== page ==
The association does, however, support the development of a combined code specifically for mutuals. The majority of the current combined code would be wholly applicable to mutuals but this could be extended to cover such areas as dialogue and communication with policyholders and the rights of policyholders and how they can be exercised.
Similarly, the process for nominating, appointing and assessing the competence of board members is well covered in the combined code and could be applied to mutuals.
All boards – whether mutuals or proprietaries – should have a good mix of executive and non-executive directors. All directors have a responsibility to represent the interests of stakeholders, be they policyholders and/or shareholders. The composition of a mutual's board should be broadly similar to that of a proprietary company, assuming broadly equivalent scale and complexity and that the balance of power should rest with the non-executive directors, as is often the case with proprietary companies.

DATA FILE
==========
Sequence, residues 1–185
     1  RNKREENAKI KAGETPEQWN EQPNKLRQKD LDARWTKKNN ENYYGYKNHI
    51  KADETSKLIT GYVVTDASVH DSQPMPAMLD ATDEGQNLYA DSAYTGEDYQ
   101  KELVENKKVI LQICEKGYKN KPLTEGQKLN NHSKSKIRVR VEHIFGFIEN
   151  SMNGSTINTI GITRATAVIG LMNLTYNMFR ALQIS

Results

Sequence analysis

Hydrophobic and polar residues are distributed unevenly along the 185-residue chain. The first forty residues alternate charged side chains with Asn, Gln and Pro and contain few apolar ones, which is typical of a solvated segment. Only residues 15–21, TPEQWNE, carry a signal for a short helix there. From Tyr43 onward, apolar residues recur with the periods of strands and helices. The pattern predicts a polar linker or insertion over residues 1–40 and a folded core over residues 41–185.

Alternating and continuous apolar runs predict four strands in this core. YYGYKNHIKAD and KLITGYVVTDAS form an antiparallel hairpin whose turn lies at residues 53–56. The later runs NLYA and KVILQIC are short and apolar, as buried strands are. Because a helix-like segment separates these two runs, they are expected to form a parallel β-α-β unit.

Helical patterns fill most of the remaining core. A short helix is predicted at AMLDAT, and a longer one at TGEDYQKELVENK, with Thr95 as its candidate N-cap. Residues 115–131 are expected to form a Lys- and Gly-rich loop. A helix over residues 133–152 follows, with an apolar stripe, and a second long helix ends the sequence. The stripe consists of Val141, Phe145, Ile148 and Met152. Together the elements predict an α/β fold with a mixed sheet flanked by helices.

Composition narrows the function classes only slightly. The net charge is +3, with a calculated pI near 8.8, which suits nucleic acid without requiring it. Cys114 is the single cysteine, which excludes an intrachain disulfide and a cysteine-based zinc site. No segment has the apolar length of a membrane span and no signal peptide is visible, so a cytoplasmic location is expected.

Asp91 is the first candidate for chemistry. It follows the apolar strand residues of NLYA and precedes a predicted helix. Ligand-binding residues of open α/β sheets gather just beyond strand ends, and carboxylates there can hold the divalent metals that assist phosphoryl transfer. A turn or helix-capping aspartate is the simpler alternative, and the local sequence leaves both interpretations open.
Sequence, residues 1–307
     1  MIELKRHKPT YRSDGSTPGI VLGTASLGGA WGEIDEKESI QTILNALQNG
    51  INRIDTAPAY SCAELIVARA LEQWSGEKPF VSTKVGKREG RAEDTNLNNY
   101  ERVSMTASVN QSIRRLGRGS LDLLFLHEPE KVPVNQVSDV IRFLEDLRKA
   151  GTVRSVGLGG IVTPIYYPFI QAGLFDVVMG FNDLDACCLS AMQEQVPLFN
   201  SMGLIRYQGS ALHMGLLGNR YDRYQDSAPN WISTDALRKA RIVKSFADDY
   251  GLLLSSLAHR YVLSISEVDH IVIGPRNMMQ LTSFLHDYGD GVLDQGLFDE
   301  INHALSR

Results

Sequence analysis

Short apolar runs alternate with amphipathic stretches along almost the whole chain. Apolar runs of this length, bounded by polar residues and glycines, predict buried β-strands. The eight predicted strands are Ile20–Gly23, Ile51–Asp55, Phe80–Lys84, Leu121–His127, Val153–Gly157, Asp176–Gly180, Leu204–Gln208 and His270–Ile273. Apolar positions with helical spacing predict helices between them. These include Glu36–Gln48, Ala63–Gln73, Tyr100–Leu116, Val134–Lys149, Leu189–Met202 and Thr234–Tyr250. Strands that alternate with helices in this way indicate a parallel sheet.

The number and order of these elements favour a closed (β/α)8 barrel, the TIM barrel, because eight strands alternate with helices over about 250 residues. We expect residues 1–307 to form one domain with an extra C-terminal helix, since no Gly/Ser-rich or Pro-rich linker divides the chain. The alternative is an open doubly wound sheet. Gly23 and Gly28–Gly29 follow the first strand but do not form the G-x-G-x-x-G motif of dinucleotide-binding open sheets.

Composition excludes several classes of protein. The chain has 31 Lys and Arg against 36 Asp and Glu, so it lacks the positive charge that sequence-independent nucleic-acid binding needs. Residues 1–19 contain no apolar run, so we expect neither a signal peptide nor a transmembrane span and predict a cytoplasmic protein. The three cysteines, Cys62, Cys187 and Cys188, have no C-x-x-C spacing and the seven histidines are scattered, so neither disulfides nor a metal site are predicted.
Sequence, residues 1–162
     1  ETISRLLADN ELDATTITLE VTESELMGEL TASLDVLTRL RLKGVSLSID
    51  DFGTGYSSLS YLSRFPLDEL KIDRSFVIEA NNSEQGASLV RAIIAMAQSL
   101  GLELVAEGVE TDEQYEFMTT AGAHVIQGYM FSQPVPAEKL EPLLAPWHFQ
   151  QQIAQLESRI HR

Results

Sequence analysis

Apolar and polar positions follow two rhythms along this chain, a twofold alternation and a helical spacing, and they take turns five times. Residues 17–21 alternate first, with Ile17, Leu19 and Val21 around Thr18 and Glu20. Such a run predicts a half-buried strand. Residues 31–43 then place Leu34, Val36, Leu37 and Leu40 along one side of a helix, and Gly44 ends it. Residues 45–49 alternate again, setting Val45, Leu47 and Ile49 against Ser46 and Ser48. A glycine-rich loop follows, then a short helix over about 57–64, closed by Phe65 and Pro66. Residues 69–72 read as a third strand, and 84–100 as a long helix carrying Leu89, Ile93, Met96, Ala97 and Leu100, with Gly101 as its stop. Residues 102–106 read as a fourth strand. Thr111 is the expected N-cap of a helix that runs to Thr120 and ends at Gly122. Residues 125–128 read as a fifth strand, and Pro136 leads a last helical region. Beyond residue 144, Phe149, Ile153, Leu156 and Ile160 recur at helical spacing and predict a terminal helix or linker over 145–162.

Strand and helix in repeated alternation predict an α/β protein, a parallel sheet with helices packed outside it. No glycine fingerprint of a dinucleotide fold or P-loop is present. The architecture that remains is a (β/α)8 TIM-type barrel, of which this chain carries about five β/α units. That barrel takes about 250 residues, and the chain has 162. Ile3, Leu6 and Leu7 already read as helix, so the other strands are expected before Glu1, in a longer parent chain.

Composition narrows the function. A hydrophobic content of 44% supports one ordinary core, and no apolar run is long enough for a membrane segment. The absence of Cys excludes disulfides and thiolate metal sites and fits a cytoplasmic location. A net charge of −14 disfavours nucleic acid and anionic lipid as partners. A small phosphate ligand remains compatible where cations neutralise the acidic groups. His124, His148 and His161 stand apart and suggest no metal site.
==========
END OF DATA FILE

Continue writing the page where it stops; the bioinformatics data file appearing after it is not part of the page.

The review is also looking at the quality and quantity of information supplied to boards to establish whether this is adequate for their needs. The association points out that the information supplied to boards as a matter of course has improved significantly since the problems at Equitable Life.